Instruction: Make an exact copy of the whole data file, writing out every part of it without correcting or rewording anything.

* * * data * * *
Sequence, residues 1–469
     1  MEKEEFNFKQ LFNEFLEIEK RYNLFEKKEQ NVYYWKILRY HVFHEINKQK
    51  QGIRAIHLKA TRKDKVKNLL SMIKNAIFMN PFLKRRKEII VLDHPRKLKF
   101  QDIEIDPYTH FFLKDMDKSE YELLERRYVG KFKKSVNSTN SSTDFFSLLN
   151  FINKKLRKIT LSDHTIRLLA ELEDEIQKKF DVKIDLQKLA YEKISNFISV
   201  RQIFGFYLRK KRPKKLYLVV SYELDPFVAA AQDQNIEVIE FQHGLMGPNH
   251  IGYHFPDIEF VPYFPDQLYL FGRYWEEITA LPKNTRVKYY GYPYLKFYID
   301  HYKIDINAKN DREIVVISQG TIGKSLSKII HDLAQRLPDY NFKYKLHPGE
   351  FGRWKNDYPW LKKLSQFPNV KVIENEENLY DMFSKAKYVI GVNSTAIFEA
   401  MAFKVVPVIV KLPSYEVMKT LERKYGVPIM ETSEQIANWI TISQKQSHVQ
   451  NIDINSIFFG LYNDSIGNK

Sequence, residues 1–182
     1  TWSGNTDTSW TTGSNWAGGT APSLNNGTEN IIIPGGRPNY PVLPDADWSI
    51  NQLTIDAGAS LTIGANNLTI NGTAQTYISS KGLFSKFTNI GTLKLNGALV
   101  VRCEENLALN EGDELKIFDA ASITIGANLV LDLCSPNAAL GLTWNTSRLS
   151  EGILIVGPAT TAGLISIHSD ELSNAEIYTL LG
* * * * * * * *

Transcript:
Sequence, residues 1–469
     1  MEKEEFNFKQ LFNEFLEIEK RYNLFEKKEQ NVYYWKILRY HVFHEINKQK
    51  QGIRAIHLKA TRKDKVKNLL SMIKNAIFMN PFLKRRKEII VLDHPRKLKF
   101  QDIEIDPYTH FFLKDMDKSE YELLERRYVG KFKKSVNSTN SSTDFFSLLN
   151  FINKKLRKIT LSDHTIRLLA ELEDEIQKKF DVKIDLQKLA YEKISNFISV
   201  RQIFGFYLRK KRPKKLYLVV SYELDPFVAA AQDQNIEVIE FQHGLMGPNH
   251  IGYHFPDIEF VPYFPDQLYL FGRYWEEITA LPKNTRVKYY GYPYLKFYID
   301  HYKIDINAKN DREIVVISQG TIGKSLSKII HDLAQRLPDY NFKYKLHPGE
   351  FGRWKNDYPW LKKLSQFPNV KVIENEENLY DMFSKAKYVI GVNSTAIFEA
   401  MAFKVVPVIV KLPSYEVMKT LERKYGVPIM ETSEQIANWI TISQKQSHVQ
   451  NIDINSIFFG LYNDSIGNK

Sequence, residues 1–182
     1  TWSGNTDTSW TTGSNWAGGT APSLNNGTEN IIIPGGRPNY PVLPDADWSI
    51  NQLTIDAGAS LTIGANNLTI NGTAQTYISS KGLFSKFTNI GTLKLNGALV
   101  VRCEENLALN EGDELKIFDA ASITIGANLV LDLCSPNAAL GLTWNTSRLS
   151  EGILIVGPAT TAGLISIHSD ELSNAEIYTL LG